It’s not just the materials, though — the design, process, and performance (such as shelf life) all need to be validated before making a full product line conversion. In our episode, Jonathan mentions aseptic production lines as an example, which might use hydrogen peroxide or steam sterilization. The material you choose must be compatible with these techniques, and not suffer any adverse effects that compromise sterility or efficacy.


4. Sustainability

Sustainability concerns and mandates are a primary motivator for material replacement, but “sustainability” is a very broad term — it can have many different definitions. So we need to clearly answer the question, “How will your material replacement initiative improve sustainability?”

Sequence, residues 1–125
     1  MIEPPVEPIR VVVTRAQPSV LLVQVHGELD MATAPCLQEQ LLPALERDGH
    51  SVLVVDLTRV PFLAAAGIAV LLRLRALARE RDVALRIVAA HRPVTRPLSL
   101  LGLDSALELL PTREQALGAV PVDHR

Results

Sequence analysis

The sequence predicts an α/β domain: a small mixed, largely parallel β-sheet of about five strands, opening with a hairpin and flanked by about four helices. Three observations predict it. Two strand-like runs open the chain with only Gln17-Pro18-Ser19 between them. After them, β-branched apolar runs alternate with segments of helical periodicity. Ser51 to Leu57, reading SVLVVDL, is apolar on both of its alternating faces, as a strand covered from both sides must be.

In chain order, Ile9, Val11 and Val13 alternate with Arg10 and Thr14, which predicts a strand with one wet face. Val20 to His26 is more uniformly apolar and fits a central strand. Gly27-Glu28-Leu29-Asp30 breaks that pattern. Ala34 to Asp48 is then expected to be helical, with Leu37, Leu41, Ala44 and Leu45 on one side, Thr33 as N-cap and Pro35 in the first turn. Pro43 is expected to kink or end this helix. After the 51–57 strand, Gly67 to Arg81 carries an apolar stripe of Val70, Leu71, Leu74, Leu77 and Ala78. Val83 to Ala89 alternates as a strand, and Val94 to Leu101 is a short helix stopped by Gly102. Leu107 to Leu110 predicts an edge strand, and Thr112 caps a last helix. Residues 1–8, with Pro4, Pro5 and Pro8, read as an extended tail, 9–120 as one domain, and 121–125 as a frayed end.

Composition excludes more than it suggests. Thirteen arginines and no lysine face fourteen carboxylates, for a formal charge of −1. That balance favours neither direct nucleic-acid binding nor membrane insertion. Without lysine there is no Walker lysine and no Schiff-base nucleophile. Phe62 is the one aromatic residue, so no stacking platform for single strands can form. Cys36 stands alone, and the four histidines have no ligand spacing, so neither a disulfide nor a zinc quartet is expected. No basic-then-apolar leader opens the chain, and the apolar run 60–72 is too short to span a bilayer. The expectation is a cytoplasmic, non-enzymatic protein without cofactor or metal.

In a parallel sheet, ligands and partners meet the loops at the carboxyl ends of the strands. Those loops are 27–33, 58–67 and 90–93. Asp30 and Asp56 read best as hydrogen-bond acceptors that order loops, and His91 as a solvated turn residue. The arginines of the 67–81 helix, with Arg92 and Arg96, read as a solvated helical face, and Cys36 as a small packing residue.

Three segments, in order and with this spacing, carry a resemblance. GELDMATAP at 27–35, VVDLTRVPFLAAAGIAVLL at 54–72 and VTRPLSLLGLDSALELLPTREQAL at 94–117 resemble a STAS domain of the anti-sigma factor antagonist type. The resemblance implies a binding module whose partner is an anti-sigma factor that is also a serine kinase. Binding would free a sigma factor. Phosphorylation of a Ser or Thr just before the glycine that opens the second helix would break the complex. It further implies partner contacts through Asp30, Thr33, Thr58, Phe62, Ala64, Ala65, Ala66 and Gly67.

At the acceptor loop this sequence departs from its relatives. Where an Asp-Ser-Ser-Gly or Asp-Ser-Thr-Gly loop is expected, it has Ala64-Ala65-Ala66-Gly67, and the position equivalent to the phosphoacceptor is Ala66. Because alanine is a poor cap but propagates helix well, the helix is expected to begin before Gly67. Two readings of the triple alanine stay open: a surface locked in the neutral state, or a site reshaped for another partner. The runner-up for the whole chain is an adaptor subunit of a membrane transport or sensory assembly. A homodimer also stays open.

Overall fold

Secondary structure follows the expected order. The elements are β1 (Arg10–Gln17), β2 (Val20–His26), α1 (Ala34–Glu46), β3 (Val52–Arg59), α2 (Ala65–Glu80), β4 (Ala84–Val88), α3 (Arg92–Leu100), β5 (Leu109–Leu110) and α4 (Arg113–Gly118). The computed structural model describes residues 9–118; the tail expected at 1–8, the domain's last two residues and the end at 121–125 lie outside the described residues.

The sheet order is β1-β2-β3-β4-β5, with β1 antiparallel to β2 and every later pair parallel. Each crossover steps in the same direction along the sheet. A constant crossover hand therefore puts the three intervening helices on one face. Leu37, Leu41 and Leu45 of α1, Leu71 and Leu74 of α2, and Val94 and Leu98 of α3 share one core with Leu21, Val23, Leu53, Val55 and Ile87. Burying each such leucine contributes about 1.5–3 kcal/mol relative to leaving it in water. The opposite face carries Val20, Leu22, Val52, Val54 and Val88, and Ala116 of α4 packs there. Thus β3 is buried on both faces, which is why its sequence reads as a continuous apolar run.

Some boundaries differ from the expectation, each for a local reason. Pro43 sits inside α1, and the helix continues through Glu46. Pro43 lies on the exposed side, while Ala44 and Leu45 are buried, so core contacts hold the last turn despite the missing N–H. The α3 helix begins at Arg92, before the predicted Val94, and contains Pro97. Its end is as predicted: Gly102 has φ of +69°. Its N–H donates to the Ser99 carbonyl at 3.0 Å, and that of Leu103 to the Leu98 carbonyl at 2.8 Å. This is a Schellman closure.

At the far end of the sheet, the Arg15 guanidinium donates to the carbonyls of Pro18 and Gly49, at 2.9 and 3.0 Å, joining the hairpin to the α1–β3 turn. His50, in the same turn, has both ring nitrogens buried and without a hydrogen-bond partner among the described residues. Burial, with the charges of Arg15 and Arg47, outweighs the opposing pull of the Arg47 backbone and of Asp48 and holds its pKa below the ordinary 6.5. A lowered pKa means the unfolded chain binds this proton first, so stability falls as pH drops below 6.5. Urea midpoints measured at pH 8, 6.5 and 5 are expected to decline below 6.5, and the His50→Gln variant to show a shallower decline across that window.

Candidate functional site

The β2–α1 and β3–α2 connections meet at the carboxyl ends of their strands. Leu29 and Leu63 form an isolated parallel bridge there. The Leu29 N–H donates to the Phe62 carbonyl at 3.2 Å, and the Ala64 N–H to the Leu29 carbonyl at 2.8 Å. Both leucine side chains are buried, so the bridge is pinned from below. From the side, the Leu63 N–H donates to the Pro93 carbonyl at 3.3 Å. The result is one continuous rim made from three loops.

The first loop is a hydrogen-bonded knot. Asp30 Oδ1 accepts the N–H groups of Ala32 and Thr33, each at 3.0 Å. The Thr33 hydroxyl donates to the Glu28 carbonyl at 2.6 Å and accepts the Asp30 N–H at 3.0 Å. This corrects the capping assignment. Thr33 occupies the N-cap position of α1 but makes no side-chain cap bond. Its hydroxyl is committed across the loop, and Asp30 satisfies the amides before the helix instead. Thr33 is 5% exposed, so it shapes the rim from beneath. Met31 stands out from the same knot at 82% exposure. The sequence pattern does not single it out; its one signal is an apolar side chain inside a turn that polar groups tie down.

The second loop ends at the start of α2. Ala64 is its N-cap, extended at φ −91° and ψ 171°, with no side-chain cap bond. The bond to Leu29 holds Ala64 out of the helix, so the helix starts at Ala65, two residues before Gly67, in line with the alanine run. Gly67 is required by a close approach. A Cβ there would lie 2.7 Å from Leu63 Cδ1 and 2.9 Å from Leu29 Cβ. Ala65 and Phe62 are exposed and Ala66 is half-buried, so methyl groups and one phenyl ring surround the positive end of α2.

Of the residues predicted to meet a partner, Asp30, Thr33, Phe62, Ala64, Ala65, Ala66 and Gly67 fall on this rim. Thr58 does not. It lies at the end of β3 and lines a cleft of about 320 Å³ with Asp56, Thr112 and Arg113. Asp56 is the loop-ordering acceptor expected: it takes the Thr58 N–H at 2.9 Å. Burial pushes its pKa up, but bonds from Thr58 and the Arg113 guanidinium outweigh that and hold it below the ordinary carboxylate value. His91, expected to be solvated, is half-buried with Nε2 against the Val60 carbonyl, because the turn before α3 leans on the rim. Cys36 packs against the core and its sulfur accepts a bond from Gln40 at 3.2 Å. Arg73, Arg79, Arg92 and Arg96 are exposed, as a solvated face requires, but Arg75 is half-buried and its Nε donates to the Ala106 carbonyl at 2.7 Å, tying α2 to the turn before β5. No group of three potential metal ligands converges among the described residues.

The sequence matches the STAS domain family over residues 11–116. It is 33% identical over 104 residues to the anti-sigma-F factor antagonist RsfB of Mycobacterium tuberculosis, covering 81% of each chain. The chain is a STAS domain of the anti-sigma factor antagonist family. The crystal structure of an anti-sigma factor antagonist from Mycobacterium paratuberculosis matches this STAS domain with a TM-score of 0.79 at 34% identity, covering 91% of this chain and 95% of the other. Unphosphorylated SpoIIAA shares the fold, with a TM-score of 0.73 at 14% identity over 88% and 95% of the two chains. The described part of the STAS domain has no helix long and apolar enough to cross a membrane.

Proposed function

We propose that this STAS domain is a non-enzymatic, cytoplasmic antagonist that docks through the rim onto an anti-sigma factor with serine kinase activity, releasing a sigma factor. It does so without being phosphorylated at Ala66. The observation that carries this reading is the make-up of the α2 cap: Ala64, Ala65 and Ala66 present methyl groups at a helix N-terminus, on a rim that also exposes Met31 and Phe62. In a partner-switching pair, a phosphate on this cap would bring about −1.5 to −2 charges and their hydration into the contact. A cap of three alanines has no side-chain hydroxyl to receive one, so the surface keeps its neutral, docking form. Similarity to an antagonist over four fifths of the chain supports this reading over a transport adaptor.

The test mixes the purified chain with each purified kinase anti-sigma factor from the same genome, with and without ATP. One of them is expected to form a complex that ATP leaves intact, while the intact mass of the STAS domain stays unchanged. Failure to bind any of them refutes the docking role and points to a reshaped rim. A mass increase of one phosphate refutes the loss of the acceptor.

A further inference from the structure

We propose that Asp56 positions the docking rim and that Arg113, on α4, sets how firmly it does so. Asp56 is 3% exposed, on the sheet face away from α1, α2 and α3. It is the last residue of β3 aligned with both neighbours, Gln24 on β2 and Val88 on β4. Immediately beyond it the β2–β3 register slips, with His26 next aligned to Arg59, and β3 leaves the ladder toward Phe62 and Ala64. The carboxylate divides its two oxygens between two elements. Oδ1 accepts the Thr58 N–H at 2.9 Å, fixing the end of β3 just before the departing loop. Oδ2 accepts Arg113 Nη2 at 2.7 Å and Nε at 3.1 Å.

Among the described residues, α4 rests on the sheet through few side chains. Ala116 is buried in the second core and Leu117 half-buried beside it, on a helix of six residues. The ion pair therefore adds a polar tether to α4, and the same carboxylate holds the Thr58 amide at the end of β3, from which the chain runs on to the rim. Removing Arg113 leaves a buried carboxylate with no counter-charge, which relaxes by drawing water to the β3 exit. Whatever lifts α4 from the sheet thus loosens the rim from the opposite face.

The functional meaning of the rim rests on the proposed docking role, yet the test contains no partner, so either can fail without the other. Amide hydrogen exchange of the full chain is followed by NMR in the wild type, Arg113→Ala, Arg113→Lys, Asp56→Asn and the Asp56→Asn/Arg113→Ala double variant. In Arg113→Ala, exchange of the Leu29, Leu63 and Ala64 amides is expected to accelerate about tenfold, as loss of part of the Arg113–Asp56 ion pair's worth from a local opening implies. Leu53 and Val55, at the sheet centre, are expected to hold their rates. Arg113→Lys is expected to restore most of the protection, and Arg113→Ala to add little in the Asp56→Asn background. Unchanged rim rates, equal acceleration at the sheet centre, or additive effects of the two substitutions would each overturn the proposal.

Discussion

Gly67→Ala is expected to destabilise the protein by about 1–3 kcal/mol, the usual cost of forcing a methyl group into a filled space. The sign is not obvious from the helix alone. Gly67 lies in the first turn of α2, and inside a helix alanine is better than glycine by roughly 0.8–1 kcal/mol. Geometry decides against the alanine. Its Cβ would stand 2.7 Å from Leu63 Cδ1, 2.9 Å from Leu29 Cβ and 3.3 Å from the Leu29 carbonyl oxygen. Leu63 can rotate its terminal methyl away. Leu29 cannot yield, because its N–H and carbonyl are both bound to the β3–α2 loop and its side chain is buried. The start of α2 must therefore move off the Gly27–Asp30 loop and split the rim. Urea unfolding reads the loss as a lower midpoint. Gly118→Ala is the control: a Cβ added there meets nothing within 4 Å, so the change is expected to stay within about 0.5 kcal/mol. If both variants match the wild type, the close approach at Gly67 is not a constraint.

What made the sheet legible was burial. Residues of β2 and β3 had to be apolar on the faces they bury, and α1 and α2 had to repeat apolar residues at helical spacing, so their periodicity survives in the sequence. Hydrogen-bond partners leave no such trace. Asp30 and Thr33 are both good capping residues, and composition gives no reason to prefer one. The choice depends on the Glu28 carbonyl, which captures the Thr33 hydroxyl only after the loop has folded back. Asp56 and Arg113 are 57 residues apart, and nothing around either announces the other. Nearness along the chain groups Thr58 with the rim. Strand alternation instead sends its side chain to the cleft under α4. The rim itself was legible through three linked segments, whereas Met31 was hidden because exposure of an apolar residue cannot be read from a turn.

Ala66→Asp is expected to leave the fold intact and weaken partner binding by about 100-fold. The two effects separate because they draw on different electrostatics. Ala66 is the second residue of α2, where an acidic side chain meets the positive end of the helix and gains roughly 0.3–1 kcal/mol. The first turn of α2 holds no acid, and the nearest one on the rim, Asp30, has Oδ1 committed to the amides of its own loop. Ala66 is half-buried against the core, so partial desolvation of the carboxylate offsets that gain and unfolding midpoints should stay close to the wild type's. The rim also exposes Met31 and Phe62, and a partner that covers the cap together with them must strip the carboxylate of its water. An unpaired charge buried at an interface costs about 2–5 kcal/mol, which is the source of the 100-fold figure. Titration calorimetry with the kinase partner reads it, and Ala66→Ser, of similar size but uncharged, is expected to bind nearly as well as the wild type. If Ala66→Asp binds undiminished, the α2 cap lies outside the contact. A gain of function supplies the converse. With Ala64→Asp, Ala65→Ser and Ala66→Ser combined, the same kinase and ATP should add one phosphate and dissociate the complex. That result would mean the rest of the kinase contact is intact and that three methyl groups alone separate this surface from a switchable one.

Mike’s very straightforward answer is: “Use less plastic!” More specifically, look for materials that offer higher yields. In other words, consider how many units of packaging you get per pound (or kilogram) of rollstock.


5. Cost

As important as sustainability is, business owners need to consider the total cost of implementing those changes. No matter what replacement material you choose, setting up the new infrastructure will come with a list of cost considerations including:

  • Safety approvals and certifications
  • Validating materials, processes, and equipment
  • Retrofitting existing production lines, or building entirely new lines
  • Training staff on new procedures